In Light of Public Health Crisis, Institute and Other Groups Call on New Jersey to Make Vote-By-Mail More Accessible to All Residents




In Light of Public Health Crisis, Institute and Other Groups Call on New Jersey to Make Vote-By-Mail More Accessible to All Residents

Letter to Governor and Legislators Says All Voters Should Receive VBM Applications, and Postage Should be Prepaid for VBM Applications and Ballots


NEWARK – The New Jersey Institute for Social Justice and eleven other New Jersey organizations today wrote to Gov. Murphy, Senate President Steve Sweeney, and Assembly Speaker Craig Coughlin urging them to pass and sign legislation to provide that all registered voters in New Jersey be sent a Vote-by-Mail (VBM) application, and that postage is prepaid for those applications as well as for VBM ballots.

Noting several upcoming elections, the letter pointed out that “While other states are grappling with adopting vote-by-mail during the ongoing public health crisis, we are fortunate that New Jersey has been ahead of the curve. Under your collective leadership, vote-by-mail became law and was expanded. It is now time to go further.”

Youth Justice Advocates in 22 States Demand Governors and System Leaders Release Incarcerated Youth Amid COVID-19 Pandemic

Advocates urge governors and system administrators to stop new admissions, remove youth from facilities to reduce youth risk of infection

Washington, D.C. — Today, youth justice advocates in twenty-two states (listed below) demanded in letters sent to governors, juvenile justice system administrators, and other state and local officials the release of detained and incarcerated youth and the halting of new admissions to protect youth from the spread of COVID-19.

State advocates outlined several measures, including examining all pre- and post-adjudication release processes and mechanisms and to begin employing these as quickly as possible; removing youth who have COVID-19 symptoms or chronic illnesses, such as asthma, diabetes or other serious illnesses; and eliminating any form of detention or incarceration for youth unless a determination is made that a youth is a substantial safety risk to others.

Institute and Other Groups Ask Gov. Murphy to Protect Incarcerated Youth During COVID-19 Pandemic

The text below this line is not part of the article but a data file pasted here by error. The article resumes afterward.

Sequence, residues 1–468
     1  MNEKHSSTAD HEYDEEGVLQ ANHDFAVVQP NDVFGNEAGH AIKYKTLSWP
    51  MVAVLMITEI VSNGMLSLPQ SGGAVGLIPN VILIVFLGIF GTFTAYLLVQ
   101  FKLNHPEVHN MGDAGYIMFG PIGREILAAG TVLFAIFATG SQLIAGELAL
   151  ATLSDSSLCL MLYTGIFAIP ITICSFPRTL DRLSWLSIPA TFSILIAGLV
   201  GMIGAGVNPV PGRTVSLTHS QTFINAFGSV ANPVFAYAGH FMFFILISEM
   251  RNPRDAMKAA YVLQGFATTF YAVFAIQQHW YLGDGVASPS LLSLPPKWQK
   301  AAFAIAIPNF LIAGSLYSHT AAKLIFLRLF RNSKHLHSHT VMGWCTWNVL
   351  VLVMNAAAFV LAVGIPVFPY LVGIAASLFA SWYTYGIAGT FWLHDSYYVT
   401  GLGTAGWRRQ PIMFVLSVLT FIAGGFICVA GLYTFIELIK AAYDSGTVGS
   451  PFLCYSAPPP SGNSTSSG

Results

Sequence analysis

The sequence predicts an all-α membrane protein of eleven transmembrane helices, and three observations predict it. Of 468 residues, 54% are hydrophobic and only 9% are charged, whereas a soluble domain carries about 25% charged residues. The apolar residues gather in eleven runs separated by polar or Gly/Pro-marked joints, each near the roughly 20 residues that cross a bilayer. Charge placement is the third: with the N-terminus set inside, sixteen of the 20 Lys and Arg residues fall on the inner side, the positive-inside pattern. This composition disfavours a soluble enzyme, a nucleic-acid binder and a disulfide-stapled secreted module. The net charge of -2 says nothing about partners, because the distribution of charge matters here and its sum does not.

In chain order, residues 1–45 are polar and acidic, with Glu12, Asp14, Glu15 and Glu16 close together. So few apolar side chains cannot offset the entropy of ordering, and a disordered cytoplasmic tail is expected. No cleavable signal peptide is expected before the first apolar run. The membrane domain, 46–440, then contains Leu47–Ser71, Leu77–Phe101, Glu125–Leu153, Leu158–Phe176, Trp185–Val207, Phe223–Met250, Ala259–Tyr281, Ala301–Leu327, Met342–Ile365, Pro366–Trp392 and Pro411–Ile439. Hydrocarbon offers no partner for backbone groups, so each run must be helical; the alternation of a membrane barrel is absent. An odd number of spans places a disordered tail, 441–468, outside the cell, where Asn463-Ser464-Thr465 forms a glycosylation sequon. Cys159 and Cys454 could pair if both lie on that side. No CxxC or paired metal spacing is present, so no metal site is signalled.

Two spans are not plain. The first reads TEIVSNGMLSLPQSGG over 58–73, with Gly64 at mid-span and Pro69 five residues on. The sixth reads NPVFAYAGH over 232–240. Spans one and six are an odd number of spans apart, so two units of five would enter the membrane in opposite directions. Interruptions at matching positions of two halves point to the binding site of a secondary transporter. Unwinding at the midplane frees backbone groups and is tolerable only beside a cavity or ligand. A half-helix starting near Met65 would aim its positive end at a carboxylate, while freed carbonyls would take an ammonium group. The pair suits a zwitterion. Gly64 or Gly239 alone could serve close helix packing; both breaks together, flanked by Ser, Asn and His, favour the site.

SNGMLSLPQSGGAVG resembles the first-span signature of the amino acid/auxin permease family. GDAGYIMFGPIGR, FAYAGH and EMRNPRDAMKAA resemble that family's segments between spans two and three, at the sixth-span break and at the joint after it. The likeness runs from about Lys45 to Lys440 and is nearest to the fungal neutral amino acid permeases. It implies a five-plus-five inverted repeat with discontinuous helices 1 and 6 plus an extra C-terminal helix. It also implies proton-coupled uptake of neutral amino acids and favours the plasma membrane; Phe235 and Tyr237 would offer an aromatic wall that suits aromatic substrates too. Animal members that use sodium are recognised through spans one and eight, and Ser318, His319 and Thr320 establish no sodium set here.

Institute and Other Groups Ask Gov. Murphy to Protect Incarcerated Youth During COVID-19 Pandemic

New Juvenile Detention Admissions Should be Halted and Incarcerated Youth Should be Removed from Facilities


NEWARK – In light of the public health threat to incarcerated youth during the COVID-19 pandemic, the New Jersey Institute for Social Justice and its partners in the 150 Years is Enough campaign today asked Gov. Murphy to halt new admissions to juvenile detention in New Jersey, and to remove currently incarcerated youth from detention facilities.

The Institute, Salvation & Social Justice, and the NAACP New Jersey State Conference told the Governor that, “Research by health care experts shows that incarcerated populations are most at risk during a public health crisis. COVID-19 spread quickly in enclosed spaces such as cruise ships and nursing homes and it will spread just as quickly in detention centers, prisons, and jails.”

'The Wire' Actor Michael K. Williams Puts Star Power Behind Prisoner Reentry Initiative's Mark J. Bonamo reports

NEWARK, NJ — When Michael K. Williams played the legendary character of Omar Little on the well-known TV show "The Wire," Omar had a famous line: "You come at the king, you best not miss."

When Williams came to Newark earlier this month to talk about the challenges faced by former prisoners seeking to re-enter society, one of the best traits of Omar Little came to life. The real-time Williams came armed with double-barreled words of hope, not with Omar's trusty shotgun. But just like Omar, Williams's weapon of choice did not miss. 

"We're speaking about some people getting a second chance. But there's a lot of people out there, including our youth, that's never gotten a first chance," Williams said as he addressed a mesmerized audience at the Newark office of the non-profit New Jersey Reentry Corporation (NJRC). "What I can do is I can go on them corners, and grab me up somebody, as say 'Brother, what you doing today?' I mentor, and I don't do it by myself. I get my brothers within my circle, and we're putting the wrap around someone. We have to be the wrap around. I'm not waiting for anybody else to be the wrap around my children."